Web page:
The simple addition of a charge-coupled-device (CCD) camera to a theodolite makes it safe to measure the pointing direction of a laser beam. The present state of the art requires this to be a custom addition because theodolites are manufactured without CCD cameras as standard or even optional equipment.

A theodolite is an alignment telescope equipped with mechanisms to measure the azimuth and elevation angles to the sub-arc- second level. When measuring the angular pointing direction of a Class ll laser with a theodolite, one could place a calculated amount of neutral density (ND) filters in front of the theodolite's telescope. One could then safely view and measure the laser's boresight looking through the theodolite's telescope without great risk to one's eyes. This method for a Class ll visible wavelength laser is not acceptable to even consider tempting for a Class IV laser and not applicable for an infrared (IR) laser. If one chooses insufficient attenuation or forgets to use the filters, then looking at the laser beam through the theodolite could cause instant blindness.

The CCD camera is already commercially available. It is a small, inexpensive, black-and-white CCD circuit-board-level camera. An interface adaptor was designed and fabricated to mount the camera onto the eyepiece of the specific theodolite's viewing telescope.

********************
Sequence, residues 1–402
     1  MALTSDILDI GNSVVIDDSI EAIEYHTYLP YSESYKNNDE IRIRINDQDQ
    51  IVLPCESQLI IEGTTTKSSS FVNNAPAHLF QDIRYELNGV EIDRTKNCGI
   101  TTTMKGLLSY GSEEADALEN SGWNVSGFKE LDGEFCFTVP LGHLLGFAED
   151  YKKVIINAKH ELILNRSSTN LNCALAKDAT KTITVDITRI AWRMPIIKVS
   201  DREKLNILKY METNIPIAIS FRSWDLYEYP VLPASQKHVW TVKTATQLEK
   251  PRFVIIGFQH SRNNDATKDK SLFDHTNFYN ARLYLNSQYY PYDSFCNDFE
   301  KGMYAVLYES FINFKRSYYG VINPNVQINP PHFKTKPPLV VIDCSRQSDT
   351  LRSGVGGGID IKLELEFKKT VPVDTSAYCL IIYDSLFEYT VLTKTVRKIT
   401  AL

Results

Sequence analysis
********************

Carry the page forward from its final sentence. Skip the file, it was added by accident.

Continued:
Other equipment needed for operation of the camera are power supplies, cables, and a black-and-white television monitor. The picture displayed on the monitor is equivalent to what one would see when looking directly through the theodolite. Again, the additional advantage afforded by a cheap black-and-white CCD camera is that it is sensitive to infrared as well as to visible light. Hence, one can use the camera coupled to a theodolite to measure the pointing of an infrared as well as a visible laser.

Just as it is necessary to use filters to protect the eye when looking directly through the theodolite, it is necessary to use filters to protect the CCD camera and the theodolite's internal optics against damage by the laser beam. One should be aware of the metrology accuracy requirements and use high-quality filters for tighter accuracy metrology requirements. The main benefits of using the CCD camera are being able to view the IR laser and for high-powered lasers, that in the event that one chooses insufficient attenuation or forgets to use the filters, the equipment may be damaged, but there is no injury to the human eye.

This work was done by Julie A. Crooke of Goddard Space Flight Center.